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  1. #11
    It is Fake's Avatar
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    Hell yeah! Hell no!
    If you must take Karate, do Ashira, Enshin or Kyokushin. It is a hard task to find a shitty school, concerning these arts. Also, they'll beat this "I'll stop anything" mentality you have developed.

    Oh and Lyoto doesn't do the Shotokahn you think.

  2. #12

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    Hell yeah! Hell no!
    Quote Originally Posted by Like Water View Post
    From what I've seen in his original post, what he's looking to gain is a falsely earned bit of confidence, coming from an art that does more more to inflate his ego than his level of martial prowess.
    I feel disheartened that you take my posting style as egotistical. If I came off in such a fashion, it was unintended.

    Yes, I would recommend kyokushin, and only kyokushin as far as karate goes. If there's a KK dojo near you by all means go in, check it out. If they don't do a fair bit of full contact, bare-knuckle sparring, be wary. For the record, Kyokushin is a striking art. A hell of a striking art, but a striking art nonetheless. Like all karate styles, they incorporate a judo throw, once in a blue moon, but they won't have the technical skill of a judoka by any means, when it comes to take downs. (Generalizations here of course, perhaps your local dojo is the exception to the "rule". Unlikely, but always possible.)

    So when comparing kyokushin and shotokan you're not comparing strikes vs. throws, you're comparing striking trained in an alive manner (kyo) vs. striking trained in a dead manner (shoto).
    This matches up in line with things I've read online, and sounds very thought out. Thank you for helping me with my considerations.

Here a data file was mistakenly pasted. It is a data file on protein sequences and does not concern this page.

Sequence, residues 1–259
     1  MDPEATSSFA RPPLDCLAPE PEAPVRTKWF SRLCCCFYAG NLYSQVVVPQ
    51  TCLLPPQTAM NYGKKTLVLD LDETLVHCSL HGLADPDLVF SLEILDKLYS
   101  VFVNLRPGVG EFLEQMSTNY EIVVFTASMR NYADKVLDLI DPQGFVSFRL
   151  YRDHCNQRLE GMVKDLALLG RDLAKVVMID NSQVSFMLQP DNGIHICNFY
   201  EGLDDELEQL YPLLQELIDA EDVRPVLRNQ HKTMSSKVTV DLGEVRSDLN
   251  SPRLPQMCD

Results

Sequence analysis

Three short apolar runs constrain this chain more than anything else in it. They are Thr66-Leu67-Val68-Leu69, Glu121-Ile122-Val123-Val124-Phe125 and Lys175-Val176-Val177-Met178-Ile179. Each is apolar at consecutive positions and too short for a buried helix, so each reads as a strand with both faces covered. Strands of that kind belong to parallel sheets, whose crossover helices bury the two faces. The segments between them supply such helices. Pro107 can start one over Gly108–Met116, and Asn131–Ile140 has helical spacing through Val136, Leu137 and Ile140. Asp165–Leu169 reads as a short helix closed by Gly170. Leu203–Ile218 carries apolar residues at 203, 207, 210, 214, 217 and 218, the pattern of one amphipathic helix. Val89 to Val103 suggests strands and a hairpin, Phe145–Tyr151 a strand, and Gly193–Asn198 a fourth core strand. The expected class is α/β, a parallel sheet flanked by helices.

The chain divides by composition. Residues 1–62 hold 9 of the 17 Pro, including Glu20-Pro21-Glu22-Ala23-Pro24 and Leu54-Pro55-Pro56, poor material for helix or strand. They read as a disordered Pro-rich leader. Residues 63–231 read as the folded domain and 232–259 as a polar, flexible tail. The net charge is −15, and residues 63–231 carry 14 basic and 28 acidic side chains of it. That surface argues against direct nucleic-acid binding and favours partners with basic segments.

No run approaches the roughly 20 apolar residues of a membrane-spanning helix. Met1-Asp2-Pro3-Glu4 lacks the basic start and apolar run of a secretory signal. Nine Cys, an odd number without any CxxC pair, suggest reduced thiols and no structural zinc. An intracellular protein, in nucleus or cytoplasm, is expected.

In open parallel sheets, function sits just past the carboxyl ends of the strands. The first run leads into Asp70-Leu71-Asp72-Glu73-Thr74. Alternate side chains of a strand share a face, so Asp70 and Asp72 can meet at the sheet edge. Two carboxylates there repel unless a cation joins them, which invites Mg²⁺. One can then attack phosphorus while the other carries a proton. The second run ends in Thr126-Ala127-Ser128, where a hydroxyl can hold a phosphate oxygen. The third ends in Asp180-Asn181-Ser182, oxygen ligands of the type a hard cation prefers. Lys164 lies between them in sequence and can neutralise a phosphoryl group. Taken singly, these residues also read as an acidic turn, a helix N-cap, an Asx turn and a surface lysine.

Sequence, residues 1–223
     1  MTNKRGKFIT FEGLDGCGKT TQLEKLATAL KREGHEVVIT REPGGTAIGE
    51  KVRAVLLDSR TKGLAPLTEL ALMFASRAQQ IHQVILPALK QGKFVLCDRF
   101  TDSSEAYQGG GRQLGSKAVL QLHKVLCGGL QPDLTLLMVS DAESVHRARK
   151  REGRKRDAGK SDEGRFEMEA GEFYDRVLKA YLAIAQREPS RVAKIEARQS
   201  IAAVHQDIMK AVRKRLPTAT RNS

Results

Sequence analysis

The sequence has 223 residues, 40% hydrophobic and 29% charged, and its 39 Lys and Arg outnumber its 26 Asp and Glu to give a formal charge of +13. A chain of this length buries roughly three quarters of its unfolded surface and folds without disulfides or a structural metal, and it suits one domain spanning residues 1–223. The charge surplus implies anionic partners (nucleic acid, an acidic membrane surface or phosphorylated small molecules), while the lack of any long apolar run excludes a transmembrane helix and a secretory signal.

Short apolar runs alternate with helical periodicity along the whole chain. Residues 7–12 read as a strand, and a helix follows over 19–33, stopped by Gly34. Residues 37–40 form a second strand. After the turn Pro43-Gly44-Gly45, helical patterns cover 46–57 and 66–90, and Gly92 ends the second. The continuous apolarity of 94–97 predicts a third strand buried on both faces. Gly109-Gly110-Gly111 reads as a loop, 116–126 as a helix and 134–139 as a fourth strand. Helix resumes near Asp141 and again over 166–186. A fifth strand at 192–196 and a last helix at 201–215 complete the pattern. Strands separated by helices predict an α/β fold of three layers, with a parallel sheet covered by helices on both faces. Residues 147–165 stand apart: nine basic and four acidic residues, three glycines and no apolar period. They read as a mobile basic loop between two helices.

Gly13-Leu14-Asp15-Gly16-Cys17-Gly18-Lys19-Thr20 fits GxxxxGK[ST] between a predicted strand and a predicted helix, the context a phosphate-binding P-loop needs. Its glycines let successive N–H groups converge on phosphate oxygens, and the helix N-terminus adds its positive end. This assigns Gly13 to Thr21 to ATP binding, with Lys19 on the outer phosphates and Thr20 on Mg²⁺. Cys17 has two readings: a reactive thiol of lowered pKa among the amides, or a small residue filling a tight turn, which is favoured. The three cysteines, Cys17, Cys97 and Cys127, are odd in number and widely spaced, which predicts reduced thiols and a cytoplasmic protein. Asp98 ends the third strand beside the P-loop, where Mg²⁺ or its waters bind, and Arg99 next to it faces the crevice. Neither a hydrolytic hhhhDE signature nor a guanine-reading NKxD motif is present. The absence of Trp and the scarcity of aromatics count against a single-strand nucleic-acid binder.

All that being said, I still recommend Judo.
    May I kindly ask why?

  3. #13
    goodlun's Avatar
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    Quote Originally Posted by KarateHopeful View Post
    May I kindly ask why?
    I highly suggest you take an evening out of your time and just go on down to the Judo school I gave you a link to. It will answer your question and trust me it will be worth your time even if you don't decide to do Judo you will have a much better idea of what it really does offer.

  4. #14

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    Quote Originally Posted by goodlun View Post
    Having a firm stance with a low gravity isn't going to prevent someone from taking you down.
    Fully prevent, I agree. But I would think it would help towards prevention, along with other things.

    Ground fighting is a huge part of being effective in both a fighting and self defense situation. Like all things it takes more then the basics to be effective. Your really looking at BJJ blue belt level to be "street effective" against an untrained opponent. Something that takes some time and dedication to accomplish.